GROVE: Three years. Then subsequently he joined [Charles E.] Sporck. Sporck left
to take over National Semiconductor [Corporation]. He took Pierre Lamond as his
01:42:00number two. Pierre ended up running the operations at National Semiconductor.
National Semiconductor, for a period of time, was very successful. He turned
around and tried to recruit me--by this time it's four years, into 1967.
THACKRAY: Were you tempted?
GROVE: I was very tempted. I kind of liked Pierre; I didn't know Sporck. But I
was so frustrated and bored. I have to tell you something related to this. My
01:43:00first book, Physics and Technology of Semiconductor Devices, was published in
1967, because in 1963, 1964, 1965, we did the basic work that I talked about
earlier. In 1966 I put all of this together into a
course I taught at Berkeley. Out of that course I wrote the first manuscript of
the book. I poured my twenty-something energy and ambition into--first the
research. I couldn't apply it to products for all the reasons we were talking
01:44:00about, so I put it into a course. The course was very enjoyable and I developed
the scheme that I would give the lecture, prepare a lecture--prepare lecture
number seven, let's say; give lecture number seven, go home, dictate into a
Dictaphone the material that I just gave, give it to one secretary to
transcribe, and when that was done I picked up the material--the transcript of
lecture number seven--and edited it. Simultaneously, I was working on creating
lecture number eight, editing the draft form of number seven, and doing the
01:45:00final draft of number six; which kind of kept me out of trouble. In 1966 I put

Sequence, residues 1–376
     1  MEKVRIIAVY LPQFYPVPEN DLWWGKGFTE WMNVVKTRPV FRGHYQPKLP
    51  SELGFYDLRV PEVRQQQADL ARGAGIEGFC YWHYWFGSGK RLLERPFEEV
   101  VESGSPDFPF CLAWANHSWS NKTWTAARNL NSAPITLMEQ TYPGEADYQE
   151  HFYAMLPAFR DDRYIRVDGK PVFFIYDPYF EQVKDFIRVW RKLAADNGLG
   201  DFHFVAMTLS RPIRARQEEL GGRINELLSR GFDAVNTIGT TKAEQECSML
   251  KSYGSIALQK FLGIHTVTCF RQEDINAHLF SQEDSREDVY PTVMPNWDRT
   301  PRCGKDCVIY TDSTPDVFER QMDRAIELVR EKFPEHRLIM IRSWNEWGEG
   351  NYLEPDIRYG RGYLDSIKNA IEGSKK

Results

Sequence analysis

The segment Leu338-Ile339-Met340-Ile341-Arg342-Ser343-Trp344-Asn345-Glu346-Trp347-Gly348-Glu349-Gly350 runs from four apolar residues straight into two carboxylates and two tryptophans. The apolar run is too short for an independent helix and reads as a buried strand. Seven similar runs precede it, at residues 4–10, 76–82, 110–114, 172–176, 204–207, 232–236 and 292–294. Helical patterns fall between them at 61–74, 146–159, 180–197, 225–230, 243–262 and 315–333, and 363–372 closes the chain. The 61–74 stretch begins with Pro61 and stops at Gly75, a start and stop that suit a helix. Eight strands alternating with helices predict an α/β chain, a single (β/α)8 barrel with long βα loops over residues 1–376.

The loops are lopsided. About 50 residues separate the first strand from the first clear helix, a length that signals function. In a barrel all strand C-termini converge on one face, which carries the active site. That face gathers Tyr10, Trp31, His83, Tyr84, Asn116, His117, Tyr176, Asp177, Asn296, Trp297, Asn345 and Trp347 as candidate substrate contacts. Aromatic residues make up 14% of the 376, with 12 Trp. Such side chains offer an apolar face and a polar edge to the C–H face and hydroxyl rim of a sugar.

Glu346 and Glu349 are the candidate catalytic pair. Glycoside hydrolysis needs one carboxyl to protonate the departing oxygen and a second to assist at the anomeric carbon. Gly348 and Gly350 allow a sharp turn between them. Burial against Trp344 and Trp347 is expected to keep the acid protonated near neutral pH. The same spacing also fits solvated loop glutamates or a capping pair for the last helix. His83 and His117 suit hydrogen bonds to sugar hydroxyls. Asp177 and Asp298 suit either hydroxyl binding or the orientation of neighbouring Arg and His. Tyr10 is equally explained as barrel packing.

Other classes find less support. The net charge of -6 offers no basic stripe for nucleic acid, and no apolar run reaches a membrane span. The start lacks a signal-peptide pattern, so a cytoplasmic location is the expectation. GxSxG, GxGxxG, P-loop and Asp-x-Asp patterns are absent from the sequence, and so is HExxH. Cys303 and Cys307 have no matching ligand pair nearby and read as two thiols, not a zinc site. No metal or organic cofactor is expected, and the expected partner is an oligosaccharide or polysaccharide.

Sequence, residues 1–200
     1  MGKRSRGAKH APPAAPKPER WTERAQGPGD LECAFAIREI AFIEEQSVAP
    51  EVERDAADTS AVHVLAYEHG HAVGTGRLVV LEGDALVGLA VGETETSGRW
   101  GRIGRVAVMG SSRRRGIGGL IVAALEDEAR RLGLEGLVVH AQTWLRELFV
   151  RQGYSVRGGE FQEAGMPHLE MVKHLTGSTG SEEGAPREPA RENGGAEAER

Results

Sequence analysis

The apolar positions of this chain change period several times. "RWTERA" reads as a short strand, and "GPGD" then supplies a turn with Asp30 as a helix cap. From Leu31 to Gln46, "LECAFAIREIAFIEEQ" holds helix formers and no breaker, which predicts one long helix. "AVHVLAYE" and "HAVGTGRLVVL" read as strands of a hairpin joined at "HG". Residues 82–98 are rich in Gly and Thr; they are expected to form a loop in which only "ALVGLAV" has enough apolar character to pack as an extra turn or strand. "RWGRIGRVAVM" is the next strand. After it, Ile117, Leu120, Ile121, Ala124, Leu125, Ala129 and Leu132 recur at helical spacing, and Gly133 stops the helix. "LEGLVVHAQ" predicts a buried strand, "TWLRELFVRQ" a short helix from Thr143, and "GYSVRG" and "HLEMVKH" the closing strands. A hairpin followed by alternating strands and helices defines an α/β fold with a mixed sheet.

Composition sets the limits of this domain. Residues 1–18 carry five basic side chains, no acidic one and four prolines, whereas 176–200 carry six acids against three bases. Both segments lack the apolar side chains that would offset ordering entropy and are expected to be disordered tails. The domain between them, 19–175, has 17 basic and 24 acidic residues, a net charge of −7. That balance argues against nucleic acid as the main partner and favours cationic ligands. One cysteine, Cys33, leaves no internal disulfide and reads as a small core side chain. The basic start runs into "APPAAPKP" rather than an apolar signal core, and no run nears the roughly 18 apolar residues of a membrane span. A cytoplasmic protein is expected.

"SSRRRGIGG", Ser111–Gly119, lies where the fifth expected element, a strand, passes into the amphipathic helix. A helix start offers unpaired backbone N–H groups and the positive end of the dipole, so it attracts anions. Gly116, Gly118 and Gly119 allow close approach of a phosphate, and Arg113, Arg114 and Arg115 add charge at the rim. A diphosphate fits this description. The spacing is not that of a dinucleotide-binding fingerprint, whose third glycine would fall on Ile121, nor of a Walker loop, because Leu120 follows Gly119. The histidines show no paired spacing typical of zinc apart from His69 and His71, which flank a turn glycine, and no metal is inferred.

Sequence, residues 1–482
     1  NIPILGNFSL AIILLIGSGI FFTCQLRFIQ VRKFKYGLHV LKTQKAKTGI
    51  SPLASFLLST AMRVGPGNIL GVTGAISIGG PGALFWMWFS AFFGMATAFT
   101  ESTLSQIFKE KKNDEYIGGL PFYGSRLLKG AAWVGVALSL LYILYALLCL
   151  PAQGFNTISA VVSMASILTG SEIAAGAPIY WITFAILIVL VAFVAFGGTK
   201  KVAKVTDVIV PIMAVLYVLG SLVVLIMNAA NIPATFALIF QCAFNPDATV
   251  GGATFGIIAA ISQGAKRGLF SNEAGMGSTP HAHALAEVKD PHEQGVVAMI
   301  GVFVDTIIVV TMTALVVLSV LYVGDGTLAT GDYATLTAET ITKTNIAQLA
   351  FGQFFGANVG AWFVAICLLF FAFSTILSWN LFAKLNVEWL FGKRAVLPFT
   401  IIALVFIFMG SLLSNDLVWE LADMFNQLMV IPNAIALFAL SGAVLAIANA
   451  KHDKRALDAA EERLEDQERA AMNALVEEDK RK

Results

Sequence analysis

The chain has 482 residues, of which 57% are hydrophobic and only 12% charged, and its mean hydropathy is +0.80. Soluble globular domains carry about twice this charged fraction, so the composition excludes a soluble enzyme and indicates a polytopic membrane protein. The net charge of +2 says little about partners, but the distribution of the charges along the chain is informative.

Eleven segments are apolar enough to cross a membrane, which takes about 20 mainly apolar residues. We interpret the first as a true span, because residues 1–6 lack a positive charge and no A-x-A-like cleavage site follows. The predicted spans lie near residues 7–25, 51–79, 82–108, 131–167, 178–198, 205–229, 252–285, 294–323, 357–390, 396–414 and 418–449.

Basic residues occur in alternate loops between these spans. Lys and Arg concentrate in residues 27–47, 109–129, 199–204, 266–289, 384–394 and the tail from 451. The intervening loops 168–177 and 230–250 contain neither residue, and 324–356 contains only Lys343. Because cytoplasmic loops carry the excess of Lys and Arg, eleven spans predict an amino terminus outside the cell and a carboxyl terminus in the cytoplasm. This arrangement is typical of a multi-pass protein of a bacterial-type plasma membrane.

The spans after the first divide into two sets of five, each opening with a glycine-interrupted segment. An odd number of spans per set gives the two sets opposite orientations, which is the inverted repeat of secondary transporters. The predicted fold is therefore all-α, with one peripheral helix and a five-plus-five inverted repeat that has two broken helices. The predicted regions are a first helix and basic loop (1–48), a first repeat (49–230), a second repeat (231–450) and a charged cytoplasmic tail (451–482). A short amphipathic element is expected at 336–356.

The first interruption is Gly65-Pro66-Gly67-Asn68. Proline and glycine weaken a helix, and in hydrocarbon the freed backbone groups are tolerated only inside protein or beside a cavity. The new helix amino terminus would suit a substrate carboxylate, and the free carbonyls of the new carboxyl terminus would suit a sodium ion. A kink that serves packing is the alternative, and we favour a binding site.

all of this together into a course I taught at Berkeley. At the end of nine
months I had a book basically ready to go. When the book came out, it was like
somebody blew out the light. I had the book sitting on my desk when Pierre called.
THACKRAY: It was an anticlimax.
GROVE: Exactly. Baby blues. Work took nothing. You know the circumstances of
what happened then? I don't want to repeat that.
THACKRAY: You haven't said.
GROVE: You haven't heard that? I was telling somebody about that. There's a guy
01:46:00writing a book on me. Pierre wooed me; I interviewed. The timing was perfect. I
accepted. Great. Trip to Gordon--I was a section head. In name I had a
department head I reported to but it was--
THACKRAY: A section within physics?
GROVE: A section of the physics department. The physics department by now would
have had a caretaker--a manager who really did not get into the substance of
anything. It was an appointment of convenience when Tom Sah left. I had no
problem with him but he really wasn't my boss. Gordon reviewed every paper of
01:47:00ours and made good comments, and I remember he understood my thesis very well. I
had a relationship with Gordon. So a trip to Gordon; I swear to God, Gordon
choked up and had tears in his eyes. He said, "I was always hoping that some day
you would succeed me in this lab. I guess it's not to be." He was very depressed
in a quiet way. I felt pretty lousy but there was nothing else to say, so I said
goodbye and went back to my office. Gordon reported to [Robert N.] Noyce.
Actually, Gordon reported to Charlie Sporck's successor, who was a drunk
01:48:00salesman, an alcoholic salesman--a drunk, alcoholic nothing at this stage. A
fellow by the name of Tom [Thomas] Bay. Tom Bay's was one of the two divisions
that reported to the real general manager, who was Noyce.
That same afternoon, if my recollection is right, Bob [Robert N.] Noyce saunters
into my office. I'd never seen him--I'd certainly never seen him in my office.
I'd never seen him at R&D. He sits down across from me and leans back and makes
some comments about my book--blah, blah, blah, blah. "We don't want you to
01:49:00leave." We went back and forth as to why I was leaving. At the end of the
conversation--it was a Friday--Noyce gave the assignment, "Think of the
circumstances under which you would change your mind." "Are you serious?" He
said, "Absolutely." He laughed. I took it at face value and figured out what I
really would like to do; and what I needed to be able to do was to solve the
01:50:00problem of becoming useful for the lab, not just for me. I discussed it with my
wife [Eva Kaston], called Gordon on Sunday, and set up a meeting at Rickey's for
breakfast on Monday morning. I basically told him just what I would like to do;
and in order to do that I had to be assistant director of R&D, with technical